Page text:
Slave traders, confederate leaders, and statues of old colonials are tumbling on the back of the groundswell of opposition to police brutality and anti-black racism that are the George Floyd protests.
A new social norm and consensus is emerging in the U.S. and U.K. around symbols of white supremacy, colonialism and racism – they are no longer acceptable in public spaces. That statues of historical figures who represent some of the most vile but all too human aspects of humanity could stand venerated in public spaces as long as they have, is evidence of the patience and restraint of black, indigenous and minority communities.
The protests have reignited our local conversation about pesky colonial statues. The conversation has resumed in a typically Kiwi way: subdued, understated, a little but not too much emotion. As far as I can tell there are two main arguments against the removal of these statues. The first claims that by removing such statues we are on a slippery slope to trying to erase our history, a tactic of fascist and autocratic regimes. This is a weaker but more direct argument. Demanding the removal of statues is demanding just that, the removal of statues: not the removal of historical events from our literature, collective memory and cultural archives, if that was even possible. Of all people, Maori would be the last to advocate such action. We have a prodigious capacity for, and mnemonic devices to retain historical details, particularly where we have been wronged! From a very young age my grandmother made sure I knew never to marry a woman from a particular tribe north of where we are from. The reason being an ‘interaction’ with that tribe some five to six generations before her time.
The second, from National MP Judith “Crusher” Collins, is a passive aggressive argument. She asks where do we stop taking down statues because lots of historical figures have carried out horrible and unsavoury acts. It is a nothing argument. An argument to do nothing, is in effect an argument to continue reifying these figures. By the Crusher’s logic, if she had any, her R Kelly CDs wouldn’t be trapped in the closet gathering dust, she would be making sure the radio stations played his hits regularly.
The presence of colonial statues are much more than some benign presence in public spaces, they are a constant invocation of our colonial present, that is to say, more than merely being present, their malevolent presence is being constantly made present. And present. And present… Now, perhaps it depends on which side of the colonialism coin you make your case as to how you view those statues. The side that says colonialism was only a force for good that civilised, what Frantz Fanon refers to as, the damnés? Or the side that argues colonialism had overwhelmingly disastrous consequences for Maori?
What side of the coin you make your case and therefore what colonialism means to you perhaps intersects with whether you are from this land or your ancestors arrived to this land in the last few centuries.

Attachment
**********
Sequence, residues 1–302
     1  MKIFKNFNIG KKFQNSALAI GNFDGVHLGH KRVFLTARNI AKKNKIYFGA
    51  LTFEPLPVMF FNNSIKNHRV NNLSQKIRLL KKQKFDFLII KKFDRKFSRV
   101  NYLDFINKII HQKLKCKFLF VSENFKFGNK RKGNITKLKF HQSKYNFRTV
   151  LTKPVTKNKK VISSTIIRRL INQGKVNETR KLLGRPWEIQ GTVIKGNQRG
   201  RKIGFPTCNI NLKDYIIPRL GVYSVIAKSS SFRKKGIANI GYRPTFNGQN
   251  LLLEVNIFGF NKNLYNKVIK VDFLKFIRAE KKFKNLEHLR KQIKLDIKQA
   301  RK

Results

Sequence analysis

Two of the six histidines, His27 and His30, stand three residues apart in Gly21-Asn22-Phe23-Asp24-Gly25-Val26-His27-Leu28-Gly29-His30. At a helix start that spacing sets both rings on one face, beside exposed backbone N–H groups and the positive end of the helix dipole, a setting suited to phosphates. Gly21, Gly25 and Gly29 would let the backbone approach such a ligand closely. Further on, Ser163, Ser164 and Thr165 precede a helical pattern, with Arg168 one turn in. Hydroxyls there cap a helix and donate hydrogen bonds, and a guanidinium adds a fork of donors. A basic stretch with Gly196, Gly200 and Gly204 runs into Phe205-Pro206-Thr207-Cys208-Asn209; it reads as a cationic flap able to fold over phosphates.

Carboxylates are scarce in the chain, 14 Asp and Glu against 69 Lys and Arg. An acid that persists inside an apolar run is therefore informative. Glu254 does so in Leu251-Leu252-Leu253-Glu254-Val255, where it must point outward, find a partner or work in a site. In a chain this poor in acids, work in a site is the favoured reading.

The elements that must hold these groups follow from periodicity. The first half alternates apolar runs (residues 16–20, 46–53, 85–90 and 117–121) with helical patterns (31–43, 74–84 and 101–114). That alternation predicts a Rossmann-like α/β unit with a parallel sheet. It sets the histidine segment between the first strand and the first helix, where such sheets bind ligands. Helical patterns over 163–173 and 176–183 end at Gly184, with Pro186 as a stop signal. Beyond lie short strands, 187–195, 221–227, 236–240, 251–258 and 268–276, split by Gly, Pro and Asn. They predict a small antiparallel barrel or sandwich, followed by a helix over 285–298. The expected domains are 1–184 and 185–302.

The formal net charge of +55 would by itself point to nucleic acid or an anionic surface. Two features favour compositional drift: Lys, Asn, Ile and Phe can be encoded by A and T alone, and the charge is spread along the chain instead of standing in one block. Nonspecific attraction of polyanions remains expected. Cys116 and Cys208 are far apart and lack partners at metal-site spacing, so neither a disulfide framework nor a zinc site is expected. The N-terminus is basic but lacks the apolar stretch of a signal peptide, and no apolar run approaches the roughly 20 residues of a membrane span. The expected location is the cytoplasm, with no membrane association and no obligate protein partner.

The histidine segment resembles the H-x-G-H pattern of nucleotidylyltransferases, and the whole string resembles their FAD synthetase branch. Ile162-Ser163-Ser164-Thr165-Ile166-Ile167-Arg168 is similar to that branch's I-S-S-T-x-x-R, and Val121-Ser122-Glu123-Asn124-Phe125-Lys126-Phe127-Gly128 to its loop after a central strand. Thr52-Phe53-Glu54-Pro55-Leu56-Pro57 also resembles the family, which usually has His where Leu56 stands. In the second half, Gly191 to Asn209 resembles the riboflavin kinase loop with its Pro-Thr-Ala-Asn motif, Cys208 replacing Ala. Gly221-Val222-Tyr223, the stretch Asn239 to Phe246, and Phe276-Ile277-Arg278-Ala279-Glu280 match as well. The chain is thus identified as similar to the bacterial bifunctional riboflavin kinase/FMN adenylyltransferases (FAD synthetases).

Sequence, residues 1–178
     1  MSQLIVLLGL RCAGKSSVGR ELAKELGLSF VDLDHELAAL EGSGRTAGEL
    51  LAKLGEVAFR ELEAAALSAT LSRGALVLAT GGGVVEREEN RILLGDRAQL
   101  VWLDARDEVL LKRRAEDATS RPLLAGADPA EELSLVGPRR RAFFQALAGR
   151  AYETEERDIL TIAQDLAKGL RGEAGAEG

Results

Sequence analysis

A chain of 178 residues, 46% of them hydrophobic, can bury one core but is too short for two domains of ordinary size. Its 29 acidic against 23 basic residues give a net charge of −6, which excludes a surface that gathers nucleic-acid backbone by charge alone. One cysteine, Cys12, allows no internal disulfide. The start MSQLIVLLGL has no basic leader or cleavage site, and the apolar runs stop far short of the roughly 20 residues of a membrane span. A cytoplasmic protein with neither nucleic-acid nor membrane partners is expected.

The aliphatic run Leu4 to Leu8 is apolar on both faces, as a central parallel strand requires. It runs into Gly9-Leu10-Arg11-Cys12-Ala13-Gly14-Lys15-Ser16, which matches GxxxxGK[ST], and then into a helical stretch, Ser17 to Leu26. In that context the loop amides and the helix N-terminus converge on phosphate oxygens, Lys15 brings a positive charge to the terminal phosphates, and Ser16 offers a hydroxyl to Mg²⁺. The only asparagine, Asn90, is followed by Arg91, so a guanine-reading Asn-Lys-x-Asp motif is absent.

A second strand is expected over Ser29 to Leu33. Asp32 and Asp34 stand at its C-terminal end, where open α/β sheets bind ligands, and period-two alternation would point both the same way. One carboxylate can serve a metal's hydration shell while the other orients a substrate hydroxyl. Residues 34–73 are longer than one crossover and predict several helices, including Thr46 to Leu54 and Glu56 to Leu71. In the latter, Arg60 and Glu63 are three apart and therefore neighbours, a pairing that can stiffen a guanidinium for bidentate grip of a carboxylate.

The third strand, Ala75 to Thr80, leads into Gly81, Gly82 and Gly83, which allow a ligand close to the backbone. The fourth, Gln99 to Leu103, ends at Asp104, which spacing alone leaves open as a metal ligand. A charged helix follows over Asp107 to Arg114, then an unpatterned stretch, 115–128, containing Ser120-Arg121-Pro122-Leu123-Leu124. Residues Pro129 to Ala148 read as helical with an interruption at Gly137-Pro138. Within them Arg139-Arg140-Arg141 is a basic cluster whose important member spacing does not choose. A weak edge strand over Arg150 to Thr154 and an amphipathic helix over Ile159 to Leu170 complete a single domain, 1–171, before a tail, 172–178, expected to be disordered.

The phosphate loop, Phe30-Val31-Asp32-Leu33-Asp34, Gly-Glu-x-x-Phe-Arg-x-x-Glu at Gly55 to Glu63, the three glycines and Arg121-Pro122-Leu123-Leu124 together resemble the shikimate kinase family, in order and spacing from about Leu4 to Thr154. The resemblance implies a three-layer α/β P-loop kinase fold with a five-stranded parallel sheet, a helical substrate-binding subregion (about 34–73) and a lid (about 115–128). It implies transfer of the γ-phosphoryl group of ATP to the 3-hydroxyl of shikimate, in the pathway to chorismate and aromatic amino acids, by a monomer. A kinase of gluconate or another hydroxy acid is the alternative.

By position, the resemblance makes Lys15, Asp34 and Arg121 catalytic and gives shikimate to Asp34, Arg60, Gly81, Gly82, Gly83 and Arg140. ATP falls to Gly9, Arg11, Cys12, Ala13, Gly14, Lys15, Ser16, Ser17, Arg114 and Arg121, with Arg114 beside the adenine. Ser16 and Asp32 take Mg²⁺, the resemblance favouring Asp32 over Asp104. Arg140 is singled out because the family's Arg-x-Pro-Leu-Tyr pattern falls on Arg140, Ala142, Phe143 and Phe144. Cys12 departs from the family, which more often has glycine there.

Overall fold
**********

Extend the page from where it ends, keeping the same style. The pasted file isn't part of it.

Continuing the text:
Words like colonialism have their own genealogies and histories that we are not always consciously aware of, but they are indeed invoked when we utter those words. I remember at a conference years ago hearing an archaeologist talking about the “colonisation” of the Pacific. I initially thought that he was talking about Abel Tasman and James Cook et al. No, he was talking about so-called “Polynesian colonisation” of the Pacific. Surely he wasn’t implying European colonisation of the Pacific was the same as Polynesian settlement of the Pacific I thought to myself?! Now technically and etymologically speaking his use of the word is not incorrect as the word colonisation is derived from Latin words meaning to cultivate and establish a farm. However, the meaning of colonisation in its more recent definition recognises that these lands were occupied by people whose existence was effectively erased in the original definition: the indigenous peoples who live on that land.
But this is about much more than some sort of linguistic and semantic tap dance. Words are powerful and mystical, slippery but have form, and often awaken ghosts residing in our minds and our collective imagination. Just like words, statues of colonial figures hide ghosts. They are not in the so called past and we cannot wish them to the past. Colonialism is and is constantly being made emphatically present by these statues. Colonisation has very real deleterious consequences for indigenous peoples and for those who, in the case of the Americas were enslaved to work on stolen lands. It is an ongoing source of profound, enduring injustice. The colonial figures brought to life by these statues cannot be disentangled from our history, but nor can they be assigned to history by ignoring their presence so long as they continue to be venerated in public spaces today.